Multi-location brands that want to connect with local consumers have long been faced with the conundrum of how much marketing to trust to their local outlets. Giving freer rein to franchisees on the ground can help to build stronger ties with local communities — but it increases the risk of losing broader messages that corporate wants to get across.
At BIA/Kelsey’s National event in Dallas last week, a number of vendors and brand reps weighed in on this issue, and talked about how digital marketing was evolving to better serve brands trying to take their national campaigns local.
“Brands are schizophrenic from the top to the bottom,” said Yext’s VP of partnerships, Christian Ward, during a panel — suggesting that multi-location companies often have one personality originating from corporate management, and then other personalities in all of the specific locations.
Managing the interplay between these split personalities can be a challenge, as CMOs try to create flexible programs that can be adapted to the needs of individual communities.
“We encourage our franchises to take a presence in the local community … and then we centralize that by supporting it” said Hardison, citing local outlets’ sponsorships of sports teams. He also said that when new locations open, individual franchisees will often host “preview nights” where they reach out to the community on social media and invite people who live nearby in for a meal — introducing themselves and creating connections with potential customers even before doors open.
But Hardison said that some marketing and community functions still needed to be managed by corporate headquarters — like posting on Facebook, and processing and responding to online comments and reviews on sites like Yelp. “We localize that, but from the central base,” he said.
Meanwhile, Cunningham said UHaul takes more of a centralized approach to marketing: “We don’t give [franchisees] the tools, per se — we take the burden off of them,” she said.
She also said that the 70-year-old company has enough of a reputation that it doesn’t spend any money on paid ads, focusing more on SEO and conversions via its website: “There is a great amount of history and expertise that I have been a part of and benefited from … we’re having record years just by our strategies on our site.”
In a panel about how brands are approaching listings management, Where2GetIt‘s CEO Manish Patel said that a key aspect of local marketing for brands was figuring out how to establish attribution and ROI, connecting the dots between location-based digital solutions and their effect on in-store purchases. According to Patel, the establishment of purchase intent has become increasingly complicated.
“The problem with having so many paths through the purchase process is that there may be leakage,” he said. “How do you manage all of the leaks in the path to purchase? … We’re looking at the entire process of how a consumer goes from search to store.”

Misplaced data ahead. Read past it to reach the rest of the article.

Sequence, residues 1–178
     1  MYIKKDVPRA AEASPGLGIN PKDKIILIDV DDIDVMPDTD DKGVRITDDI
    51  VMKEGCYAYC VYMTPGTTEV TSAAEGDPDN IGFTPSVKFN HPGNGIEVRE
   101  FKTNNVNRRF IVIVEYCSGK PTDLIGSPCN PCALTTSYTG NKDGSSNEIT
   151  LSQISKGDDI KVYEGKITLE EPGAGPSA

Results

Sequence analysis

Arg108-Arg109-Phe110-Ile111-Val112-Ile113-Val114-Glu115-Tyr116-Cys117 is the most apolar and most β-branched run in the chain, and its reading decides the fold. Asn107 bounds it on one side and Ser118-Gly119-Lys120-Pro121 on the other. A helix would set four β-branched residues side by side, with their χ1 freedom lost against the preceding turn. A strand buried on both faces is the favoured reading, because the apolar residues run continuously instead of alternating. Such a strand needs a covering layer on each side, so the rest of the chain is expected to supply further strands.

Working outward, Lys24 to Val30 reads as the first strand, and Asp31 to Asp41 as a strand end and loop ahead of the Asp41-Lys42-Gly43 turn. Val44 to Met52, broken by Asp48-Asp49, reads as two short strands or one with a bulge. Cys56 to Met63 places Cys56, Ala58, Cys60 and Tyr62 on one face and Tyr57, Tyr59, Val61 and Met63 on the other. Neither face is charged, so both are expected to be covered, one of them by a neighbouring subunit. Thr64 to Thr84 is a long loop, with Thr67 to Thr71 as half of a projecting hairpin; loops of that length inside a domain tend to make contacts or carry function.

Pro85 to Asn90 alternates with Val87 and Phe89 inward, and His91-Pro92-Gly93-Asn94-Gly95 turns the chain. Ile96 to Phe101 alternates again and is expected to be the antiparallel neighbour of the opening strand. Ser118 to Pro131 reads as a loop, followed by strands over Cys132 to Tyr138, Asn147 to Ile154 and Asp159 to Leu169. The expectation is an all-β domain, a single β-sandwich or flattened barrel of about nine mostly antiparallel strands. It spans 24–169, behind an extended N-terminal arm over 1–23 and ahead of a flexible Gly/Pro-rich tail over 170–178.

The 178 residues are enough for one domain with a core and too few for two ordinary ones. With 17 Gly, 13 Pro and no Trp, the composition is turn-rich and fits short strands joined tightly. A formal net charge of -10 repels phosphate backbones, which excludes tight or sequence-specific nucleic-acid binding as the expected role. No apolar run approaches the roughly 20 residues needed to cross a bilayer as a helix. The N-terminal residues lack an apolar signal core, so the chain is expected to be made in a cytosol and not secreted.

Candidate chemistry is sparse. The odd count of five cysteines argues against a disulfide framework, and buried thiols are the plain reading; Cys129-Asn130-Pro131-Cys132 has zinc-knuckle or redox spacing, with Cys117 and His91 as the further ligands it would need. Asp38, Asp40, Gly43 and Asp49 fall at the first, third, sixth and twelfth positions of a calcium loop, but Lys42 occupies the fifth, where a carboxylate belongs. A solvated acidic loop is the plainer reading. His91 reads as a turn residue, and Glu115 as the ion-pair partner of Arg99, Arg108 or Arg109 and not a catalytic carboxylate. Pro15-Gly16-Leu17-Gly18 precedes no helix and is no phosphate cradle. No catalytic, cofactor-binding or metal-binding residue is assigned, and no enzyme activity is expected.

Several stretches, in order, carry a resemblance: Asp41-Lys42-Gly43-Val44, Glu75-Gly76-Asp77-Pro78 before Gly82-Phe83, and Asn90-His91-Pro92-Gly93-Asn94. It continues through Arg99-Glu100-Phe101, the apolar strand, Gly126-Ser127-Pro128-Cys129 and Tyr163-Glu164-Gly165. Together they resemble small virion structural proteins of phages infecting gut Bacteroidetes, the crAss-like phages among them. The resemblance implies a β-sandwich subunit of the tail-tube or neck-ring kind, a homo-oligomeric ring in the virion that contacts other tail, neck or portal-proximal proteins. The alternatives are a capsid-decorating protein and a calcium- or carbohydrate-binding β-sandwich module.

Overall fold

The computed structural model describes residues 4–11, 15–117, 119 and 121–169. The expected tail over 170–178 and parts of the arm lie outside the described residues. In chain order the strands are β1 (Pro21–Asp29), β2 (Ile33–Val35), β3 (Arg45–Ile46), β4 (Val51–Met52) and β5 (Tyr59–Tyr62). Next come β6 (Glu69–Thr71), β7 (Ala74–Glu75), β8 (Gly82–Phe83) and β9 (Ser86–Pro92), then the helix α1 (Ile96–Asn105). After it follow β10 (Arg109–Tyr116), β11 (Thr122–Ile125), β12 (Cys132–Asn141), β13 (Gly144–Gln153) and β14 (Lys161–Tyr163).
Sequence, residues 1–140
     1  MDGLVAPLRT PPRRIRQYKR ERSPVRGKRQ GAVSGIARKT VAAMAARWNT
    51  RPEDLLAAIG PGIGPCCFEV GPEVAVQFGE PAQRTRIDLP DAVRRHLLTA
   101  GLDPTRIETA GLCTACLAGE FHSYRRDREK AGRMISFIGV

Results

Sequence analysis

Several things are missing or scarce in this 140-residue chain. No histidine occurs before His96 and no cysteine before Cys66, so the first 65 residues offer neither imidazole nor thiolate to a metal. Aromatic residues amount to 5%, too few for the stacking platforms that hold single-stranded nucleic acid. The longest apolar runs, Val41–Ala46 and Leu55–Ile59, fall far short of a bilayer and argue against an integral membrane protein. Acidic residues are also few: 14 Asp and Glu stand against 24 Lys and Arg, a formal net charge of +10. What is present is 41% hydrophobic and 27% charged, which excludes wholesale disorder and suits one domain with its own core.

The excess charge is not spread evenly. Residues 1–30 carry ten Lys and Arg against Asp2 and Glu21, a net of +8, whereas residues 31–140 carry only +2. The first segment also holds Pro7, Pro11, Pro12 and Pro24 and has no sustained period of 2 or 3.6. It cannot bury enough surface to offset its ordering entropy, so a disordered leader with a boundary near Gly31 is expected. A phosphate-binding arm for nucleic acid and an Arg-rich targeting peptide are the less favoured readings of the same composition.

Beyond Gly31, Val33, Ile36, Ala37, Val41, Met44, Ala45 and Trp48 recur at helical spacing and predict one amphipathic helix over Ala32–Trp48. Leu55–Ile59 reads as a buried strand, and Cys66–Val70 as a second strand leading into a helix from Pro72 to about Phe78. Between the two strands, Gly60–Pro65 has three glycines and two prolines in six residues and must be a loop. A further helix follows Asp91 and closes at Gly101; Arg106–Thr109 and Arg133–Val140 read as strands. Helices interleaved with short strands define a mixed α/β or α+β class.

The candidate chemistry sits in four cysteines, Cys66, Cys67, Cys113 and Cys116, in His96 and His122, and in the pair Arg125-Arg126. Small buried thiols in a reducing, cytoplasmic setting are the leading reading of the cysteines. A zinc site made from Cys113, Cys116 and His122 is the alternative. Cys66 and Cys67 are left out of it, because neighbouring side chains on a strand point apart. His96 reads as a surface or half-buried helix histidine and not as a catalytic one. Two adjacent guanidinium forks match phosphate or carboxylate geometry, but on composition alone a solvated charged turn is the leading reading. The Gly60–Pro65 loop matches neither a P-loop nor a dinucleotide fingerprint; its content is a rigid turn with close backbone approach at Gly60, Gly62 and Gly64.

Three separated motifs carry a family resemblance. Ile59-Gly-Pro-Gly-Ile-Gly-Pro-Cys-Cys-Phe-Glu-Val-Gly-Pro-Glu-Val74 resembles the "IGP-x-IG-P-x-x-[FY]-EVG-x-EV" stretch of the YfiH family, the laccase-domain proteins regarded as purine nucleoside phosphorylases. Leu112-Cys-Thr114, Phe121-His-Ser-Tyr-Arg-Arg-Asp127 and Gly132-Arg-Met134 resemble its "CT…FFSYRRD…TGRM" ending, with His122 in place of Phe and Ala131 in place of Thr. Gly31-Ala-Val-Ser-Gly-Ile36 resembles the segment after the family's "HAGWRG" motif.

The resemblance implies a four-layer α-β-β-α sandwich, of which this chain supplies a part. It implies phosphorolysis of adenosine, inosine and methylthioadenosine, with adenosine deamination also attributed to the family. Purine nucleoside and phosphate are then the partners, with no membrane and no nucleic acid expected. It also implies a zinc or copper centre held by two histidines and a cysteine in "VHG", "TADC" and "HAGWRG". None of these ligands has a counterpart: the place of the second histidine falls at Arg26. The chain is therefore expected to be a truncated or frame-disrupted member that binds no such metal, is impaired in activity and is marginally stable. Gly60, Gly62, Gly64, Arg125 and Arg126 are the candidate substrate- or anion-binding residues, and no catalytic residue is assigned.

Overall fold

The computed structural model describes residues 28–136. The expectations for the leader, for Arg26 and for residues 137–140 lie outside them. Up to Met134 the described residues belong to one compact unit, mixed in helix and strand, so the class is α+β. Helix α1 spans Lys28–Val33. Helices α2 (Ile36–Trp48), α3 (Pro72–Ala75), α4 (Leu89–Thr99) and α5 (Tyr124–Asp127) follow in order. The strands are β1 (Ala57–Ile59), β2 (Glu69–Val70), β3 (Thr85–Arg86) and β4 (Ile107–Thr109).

Yext’s Ward took this a step further, saying that the “killer monetization app” of mobile was marketers’ ability to let stores reach their consumers as they shop.
“Visits are intent and attribution,” said Ward. “Just like search fueled ecommerce on the web, location will fuel in-store sales from mobile.”
He asserted that digital presence management was the foundation for understanding consumer intent, and that companies should stop thinking of digital presence as a box to check — and instead more as an amplifier.
“More than half of U.S. businesses that spend $1000-plus [per year] on local advertising do so without a pre-defined customer acquisition strategy,” said AdMall’s founder and CEO C. Lee Smith in another session. He noted the disconnect and suggested that platforms, agencies and advertisers could help.
Among Smith’s main points:
— “It’s better to reach the people that count than to count the people you reach.”
— Marketing budget is wasted when the message is not aligned with the audience.
— How you define your audience is the foundation of your customer acquisition strategy.
Smith gave a few interesting use cases where data could help illuminate strategies to reach particular kinds of users. For instance, he noted, people who tend to buy living room furniture are 35% more likely to be Pinterest users. Meanwhile, frequent fast food eaters are 3.5x more likely to have used Foursquare, and 2.2x more likely to use Snapchat. And adults who say they want to move to a different city or region are 74% more likely to tap on a click-to-call number, and 50% more likely to have looked for do-it-yourself/repair info.
While this information may not all be useful in and of itself, brand marketers can use these kinds of insights to tweak their message and targeting to reach more of the right people with the right kind of messaging.
Some other insights from Smith:
— “Stay top of mind for the bottom line.” Keep marketing at the top of the franchisee’s mind — even as they need marketing to stay at the top of customers’ minds.
— Integrate local and regional variances whenever possible.
— “You don’t need big data, you need big insights.”
— New does not always mean better — use existing media where it works.
David Hirschman is a co-founder at Street Fight.